In tractate Niddah (2a) the Mishna speaks about how using a Bedikah cloth before and after intercourse is enough to determine here status as tahor. Rashi, in his explaining the Mishnah, writes as follows:

אם ראתה דם אחר כך בבדיקת ערבית והיא שמשה בצהרים לא מטמאינן טהרות דמבדיקת שחרית עד תשמיש, שהרי קודם תשמיש בדקה, ומצאתה טהורה.
If she saw [blood]… when she checks herself at night, and she had intercourse in the afternoon, we do not consider her as Tameh from the morning till the intercourse, since she checked herself before she had intercourse and she found that she was clean.
The problem is that having intercourse in the afternoon is not frum. Well, actually, it depends. In BT Niddah 17a it says:
אמר רב חסדא: אסור לו לאדם שישמש מטתו ביום, שנאמר +ויקרא י"ט+ ואהבת לרעך כמוך. מאי משמע? אמר אביי: שמא יראה בה דבר מגונה ותתגנה עליו. אמר רב הונא: ישראל קדושים הם ואין משמשין מטותיהן ביום אמר רבא: ואם היה בית אפל - מותר  
Said R. Hisdah: it’s forbidden to have intercourse in daytime, because it says “you shall love your friend as thyself”. But what is the proof from this verse? Abaye replied: He might observe something repulsive in her and she would thereby become loathsome to him. R. Huna said, Israel are holy and do not perform intercourse in daytime. Raba said, but in a dark house it is permitted.
So while intercourse should be done at night, if the room is dark it can be done at daytime. But, in our day and age it’s not frum enough.

In the English edition, Artscroll avoids the problem by simply not giving a time frame for that example and they just write that the bedikah before intercourse (no word on when the intercourse takes place) is considered a good enough bedikah. In the Hebrew edition, which is much better than its English counterpart in terms of explaining the Gemara, they explain in more depth. So instead of just giving the same example Rashi gave, they write as follows:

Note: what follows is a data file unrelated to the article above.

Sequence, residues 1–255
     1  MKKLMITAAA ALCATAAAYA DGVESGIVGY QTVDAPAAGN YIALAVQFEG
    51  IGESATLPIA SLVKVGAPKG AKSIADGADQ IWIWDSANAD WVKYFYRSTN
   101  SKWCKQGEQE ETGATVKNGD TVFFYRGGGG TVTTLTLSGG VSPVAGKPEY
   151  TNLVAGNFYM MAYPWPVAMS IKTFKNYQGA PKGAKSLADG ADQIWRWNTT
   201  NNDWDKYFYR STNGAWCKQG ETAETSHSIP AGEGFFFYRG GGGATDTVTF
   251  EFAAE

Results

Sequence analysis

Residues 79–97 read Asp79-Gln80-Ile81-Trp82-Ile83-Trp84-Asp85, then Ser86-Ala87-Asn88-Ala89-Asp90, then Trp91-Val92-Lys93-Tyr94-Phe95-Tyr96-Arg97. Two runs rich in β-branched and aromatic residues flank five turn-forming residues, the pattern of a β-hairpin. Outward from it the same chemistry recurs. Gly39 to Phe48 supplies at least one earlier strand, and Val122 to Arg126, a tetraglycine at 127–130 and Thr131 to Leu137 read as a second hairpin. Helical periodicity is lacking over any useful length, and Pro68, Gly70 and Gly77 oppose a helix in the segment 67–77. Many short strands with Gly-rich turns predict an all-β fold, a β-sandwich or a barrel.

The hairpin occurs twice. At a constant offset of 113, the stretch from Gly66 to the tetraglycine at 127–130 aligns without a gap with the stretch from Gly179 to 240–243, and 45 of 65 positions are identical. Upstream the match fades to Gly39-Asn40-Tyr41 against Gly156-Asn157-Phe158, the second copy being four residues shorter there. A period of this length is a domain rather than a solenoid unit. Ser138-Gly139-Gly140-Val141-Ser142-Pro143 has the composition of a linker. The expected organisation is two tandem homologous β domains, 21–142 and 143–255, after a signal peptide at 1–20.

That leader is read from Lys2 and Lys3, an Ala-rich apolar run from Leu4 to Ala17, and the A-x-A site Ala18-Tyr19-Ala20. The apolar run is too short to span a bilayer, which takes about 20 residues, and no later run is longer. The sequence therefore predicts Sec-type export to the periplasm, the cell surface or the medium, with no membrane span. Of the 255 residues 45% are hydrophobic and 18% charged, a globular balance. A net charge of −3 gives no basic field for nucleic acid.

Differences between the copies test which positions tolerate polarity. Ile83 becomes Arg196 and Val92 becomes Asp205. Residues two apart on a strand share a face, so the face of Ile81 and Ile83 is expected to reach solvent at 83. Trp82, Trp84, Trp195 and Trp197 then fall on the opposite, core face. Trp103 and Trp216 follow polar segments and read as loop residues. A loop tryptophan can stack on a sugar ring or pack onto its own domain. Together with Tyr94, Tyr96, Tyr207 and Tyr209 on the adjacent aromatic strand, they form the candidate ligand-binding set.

והמשמשת בעדים ... הרי זו כפקידה ... וממעטת על יד מעת לעת, כגון אם שימשה באמצע הלילה ונמצאה טהורה בבדיקתה אז, וראתה דם בשחרית, שאינה מטמאה למפרע מעת לעת משחרית של אתמול, אלא מאמצע הלילה בלבד, שהרי נמצאה טהורה אז בבדיקה של תשמיש.
And one who checks herself at the time of intercourse, it is considered a valid bedikah, for example, if she had intercourse in middle of the night and she found herself clean, and she saw blood in the morning, she isn't tameh only from in middle of the night onward, since she found herself to be clean in the intercourse bedikah.
It doesn't really change anything in the simple understanding of the Mishnah. But it does show that Artscroll was uncomfortable to give the same example as Rashi, and changed to come of more frum.